What Do I Do About Feral Cats In My Neighborhood Now That It’s Getting Cold?

The onset of cold weather in New England conjures up images of hot chocolate by the fire and cozy curl-ups with our favorite furry family members by the fire.  For us at the shelter it’s also when we start getting phone calls that sound like the title above. Good-hearted people worrying about the “neighborhood cat” and wondering if they should try to trap him and bring him to the shelter before the snow starts.  If the cat is clearly an abandoned pet or a friendly stray we say of course and schedule an appointment.  If it is a free-roaming cat, that is, a cat whose owners let it go out, we encourage you to let it be -she knows her way home.  (PS: if you’re not sure how to tell the difference between a free roaming cat and a stray we did a handy blog post earlier this year about how to tell, you can read it here). But what about the cats that are clearly feral, have adapted to life in the wild, and both want and need to live outdoors.  What do we do about them?**

Can We Just Bring Them To The Shelter For Adoption?

The first thing we want to tell you is that with 50-100 Million feral cats in the US, according to Alley Cat Allies, a Washington, DC based nonprofit, you’re not alone in wondering what to do about feral cats.  Unfortunately, adoption isn’t a good option for feral adults or even older feral kittens.  Essentially, once a kitten reaches 5-6 month of age as a feral they will always be that way.  These cats are not socialized and will not make good house pets, their brains have already developed to permanently adapt to life out doors away from people. That means that even if you brought that cat to the shelter we couldn’t adopt it out to a family.  The people wouldn’t be happy and neither would the cat.  It would most likely hiss, scratch, bite, and dart out the door as soon as possible, ending up outside but without the advantage of familiar surroundings. So what can you do if you have a friendly-enough-but-not-really-a-pet type of personality feral cat in your neighborhood? Well, the good news is that cats are wonderful survivalists and great at adapting to weather and other challenges. They’re actually pretty good at surviving on their own.  If you’re committed though, all they really need is some passive assistance to help them through the worst of the winter.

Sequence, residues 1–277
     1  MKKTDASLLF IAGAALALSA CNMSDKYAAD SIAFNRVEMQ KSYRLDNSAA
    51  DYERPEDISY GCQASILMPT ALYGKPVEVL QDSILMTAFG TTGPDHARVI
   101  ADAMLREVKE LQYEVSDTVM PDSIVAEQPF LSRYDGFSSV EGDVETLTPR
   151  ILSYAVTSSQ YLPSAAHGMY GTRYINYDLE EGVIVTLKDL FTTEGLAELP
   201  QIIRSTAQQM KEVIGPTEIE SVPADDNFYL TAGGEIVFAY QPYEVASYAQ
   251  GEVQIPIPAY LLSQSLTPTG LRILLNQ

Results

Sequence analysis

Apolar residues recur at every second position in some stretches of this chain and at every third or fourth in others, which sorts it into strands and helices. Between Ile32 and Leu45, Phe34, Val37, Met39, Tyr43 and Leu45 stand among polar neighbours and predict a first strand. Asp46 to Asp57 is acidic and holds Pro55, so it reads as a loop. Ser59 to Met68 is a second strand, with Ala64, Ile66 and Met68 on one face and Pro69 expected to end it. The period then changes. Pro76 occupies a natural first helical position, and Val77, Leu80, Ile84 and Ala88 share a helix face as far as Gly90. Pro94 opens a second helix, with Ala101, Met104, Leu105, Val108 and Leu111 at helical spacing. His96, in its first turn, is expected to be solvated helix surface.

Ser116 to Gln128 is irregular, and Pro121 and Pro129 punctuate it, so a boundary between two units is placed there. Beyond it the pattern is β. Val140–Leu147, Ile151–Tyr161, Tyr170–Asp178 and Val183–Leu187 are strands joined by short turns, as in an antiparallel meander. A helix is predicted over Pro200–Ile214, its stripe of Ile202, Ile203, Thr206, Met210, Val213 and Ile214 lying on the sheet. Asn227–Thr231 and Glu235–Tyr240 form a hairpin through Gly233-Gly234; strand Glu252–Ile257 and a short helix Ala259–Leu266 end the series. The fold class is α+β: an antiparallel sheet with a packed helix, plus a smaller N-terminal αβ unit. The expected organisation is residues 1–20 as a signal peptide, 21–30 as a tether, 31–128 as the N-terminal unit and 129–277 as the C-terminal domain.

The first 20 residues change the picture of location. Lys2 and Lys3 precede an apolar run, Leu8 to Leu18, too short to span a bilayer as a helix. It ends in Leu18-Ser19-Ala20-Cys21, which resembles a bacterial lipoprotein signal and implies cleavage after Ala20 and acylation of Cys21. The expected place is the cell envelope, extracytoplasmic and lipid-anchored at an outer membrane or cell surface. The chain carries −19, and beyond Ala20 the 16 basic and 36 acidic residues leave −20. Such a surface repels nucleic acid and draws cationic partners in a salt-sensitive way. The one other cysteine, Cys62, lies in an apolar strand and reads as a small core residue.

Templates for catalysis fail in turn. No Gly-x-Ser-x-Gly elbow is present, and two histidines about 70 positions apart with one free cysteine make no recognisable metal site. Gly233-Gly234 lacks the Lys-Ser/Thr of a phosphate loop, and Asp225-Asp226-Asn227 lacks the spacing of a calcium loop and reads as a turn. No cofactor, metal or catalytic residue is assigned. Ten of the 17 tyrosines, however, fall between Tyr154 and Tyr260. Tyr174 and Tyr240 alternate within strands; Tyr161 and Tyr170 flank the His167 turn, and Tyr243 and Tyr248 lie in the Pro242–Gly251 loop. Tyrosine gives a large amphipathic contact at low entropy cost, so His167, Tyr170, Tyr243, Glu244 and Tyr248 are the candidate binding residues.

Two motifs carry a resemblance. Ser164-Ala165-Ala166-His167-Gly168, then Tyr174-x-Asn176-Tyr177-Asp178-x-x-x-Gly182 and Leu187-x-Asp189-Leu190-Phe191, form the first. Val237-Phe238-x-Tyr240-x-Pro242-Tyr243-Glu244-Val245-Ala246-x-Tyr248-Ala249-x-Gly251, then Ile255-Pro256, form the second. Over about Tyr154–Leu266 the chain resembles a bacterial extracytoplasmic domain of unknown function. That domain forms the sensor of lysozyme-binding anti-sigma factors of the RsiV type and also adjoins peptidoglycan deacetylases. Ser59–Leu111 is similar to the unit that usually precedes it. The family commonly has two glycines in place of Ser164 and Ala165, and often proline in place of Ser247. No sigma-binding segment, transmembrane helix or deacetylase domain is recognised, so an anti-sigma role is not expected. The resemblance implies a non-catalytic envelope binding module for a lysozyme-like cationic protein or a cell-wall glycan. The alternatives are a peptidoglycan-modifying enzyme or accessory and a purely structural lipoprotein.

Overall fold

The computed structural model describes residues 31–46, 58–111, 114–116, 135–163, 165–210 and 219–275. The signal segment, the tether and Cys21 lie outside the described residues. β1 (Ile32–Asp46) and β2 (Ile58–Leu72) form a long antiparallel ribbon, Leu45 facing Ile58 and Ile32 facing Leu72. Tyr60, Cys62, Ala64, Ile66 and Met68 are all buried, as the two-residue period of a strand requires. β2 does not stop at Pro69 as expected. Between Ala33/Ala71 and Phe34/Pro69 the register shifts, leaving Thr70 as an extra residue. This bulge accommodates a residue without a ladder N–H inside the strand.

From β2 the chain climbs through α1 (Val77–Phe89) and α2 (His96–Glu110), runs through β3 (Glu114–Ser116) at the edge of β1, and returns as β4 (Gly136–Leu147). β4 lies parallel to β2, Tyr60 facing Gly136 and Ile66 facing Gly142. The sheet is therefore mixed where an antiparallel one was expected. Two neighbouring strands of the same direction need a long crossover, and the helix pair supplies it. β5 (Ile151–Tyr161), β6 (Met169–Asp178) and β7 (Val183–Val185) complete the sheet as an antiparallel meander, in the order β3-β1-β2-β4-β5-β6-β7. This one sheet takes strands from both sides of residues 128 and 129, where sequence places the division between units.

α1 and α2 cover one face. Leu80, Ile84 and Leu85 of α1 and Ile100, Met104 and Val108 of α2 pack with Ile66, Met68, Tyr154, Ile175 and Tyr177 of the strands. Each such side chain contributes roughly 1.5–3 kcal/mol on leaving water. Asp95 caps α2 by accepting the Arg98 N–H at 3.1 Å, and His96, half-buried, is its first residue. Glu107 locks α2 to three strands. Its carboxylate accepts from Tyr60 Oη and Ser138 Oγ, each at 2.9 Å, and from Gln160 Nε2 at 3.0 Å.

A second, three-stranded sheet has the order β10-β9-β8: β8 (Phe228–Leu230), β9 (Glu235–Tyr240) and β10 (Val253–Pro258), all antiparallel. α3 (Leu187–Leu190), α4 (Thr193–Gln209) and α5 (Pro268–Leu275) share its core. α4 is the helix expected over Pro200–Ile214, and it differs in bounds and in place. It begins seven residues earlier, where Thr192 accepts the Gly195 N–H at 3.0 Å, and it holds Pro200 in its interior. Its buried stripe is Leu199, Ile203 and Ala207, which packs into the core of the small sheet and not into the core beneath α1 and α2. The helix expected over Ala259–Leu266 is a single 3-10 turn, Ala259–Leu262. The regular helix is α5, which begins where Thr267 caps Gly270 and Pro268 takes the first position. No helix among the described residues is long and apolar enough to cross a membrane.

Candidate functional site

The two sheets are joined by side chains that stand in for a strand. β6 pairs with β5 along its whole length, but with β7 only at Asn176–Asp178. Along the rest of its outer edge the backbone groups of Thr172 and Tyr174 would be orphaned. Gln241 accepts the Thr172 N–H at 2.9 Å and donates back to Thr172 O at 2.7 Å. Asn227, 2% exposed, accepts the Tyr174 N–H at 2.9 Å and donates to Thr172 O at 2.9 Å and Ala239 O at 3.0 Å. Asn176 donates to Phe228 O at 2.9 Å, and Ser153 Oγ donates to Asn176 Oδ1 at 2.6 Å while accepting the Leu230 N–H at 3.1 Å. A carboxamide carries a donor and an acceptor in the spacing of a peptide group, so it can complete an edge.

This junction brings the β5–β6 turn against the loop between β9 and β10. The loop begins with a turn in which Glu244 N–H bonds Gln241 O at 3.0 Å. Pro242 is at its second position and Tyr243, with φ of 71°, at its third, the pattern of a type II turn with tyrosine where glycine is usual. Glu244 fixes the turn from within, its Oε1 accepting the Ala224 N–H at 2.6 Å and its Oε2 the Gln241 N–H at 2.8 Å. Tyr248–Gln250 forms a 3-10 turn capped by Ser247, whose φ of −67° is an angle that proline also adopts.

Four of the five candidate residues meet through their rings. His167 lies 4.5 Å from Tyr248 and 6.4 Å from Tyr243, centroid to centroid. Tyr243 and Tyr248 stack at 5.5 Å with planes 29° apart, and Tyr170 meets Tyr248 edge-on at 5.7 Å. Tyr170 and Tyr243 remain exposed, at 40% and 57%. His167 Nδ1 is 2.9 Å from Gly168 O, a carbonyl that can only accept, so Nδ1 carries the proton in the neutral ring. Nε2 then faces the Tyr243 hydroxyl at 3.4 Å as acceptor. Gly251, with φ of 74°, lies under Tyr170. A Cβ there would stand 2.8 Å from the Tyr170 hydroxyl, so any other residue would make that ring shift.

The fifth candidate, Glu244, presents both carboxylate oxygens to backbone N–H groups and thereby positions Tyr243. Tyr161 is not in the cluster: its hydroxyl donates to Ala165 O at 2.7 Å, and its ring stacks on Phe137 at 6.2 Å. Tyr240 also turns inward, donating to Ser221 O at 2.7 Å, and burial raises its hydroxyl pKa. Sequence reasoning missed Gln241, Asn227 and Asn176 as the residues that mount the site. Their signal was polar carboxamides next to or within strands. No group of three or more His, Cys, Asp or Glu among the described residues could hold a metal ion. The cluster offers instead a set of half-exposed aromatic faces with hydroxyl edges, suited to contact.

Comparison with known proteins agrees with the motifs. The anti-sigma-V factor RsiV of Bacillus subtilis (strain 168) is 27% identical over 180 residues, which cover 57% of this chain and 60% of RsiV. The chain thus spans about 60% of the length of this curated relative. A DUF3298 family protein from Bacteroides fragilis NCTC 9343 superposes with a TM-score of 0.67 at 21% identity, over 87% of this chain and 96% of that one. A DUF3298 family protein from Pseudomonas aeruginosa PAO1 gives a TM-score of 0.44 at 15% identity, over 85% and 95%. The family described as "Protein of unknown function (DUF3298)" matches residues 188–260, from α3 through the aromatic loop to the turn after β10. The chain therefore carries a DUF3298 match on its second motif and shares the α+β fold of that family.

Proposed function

outdoor animal shelter
The link will take you to a tutorial for this DIY cat shelter


Feral cats often rely on each other for heat and protection during the winter so winter shelters for feral cats can be a simple as a place for them to shelter from the worst of the wind and snow. If you want to make something specifically for them you can see a simple tutorial that the ASPCA offers here.

By and large though feral cats are adept at finding places to shelter for the winter.  Under porches and decks, in sheds or garages, or even under dumpsters.  It’s not a cozy warm house to be sure but ferals are good at staying warm and dry so if you see one and it doesn’t look like it’s in any trouble, it’s probably not.


Cats are excellent hunters and can catch everything from bugs and mice to chipmunks, birds, and a host of other animals.  With that being said, feral cats require more food and water in the winter because they are burning calories  to stay warm in addition to their regular energy output.  Many people choose to put out cat food and water in the winter but you should be aware of some caveats before you decide to go this route: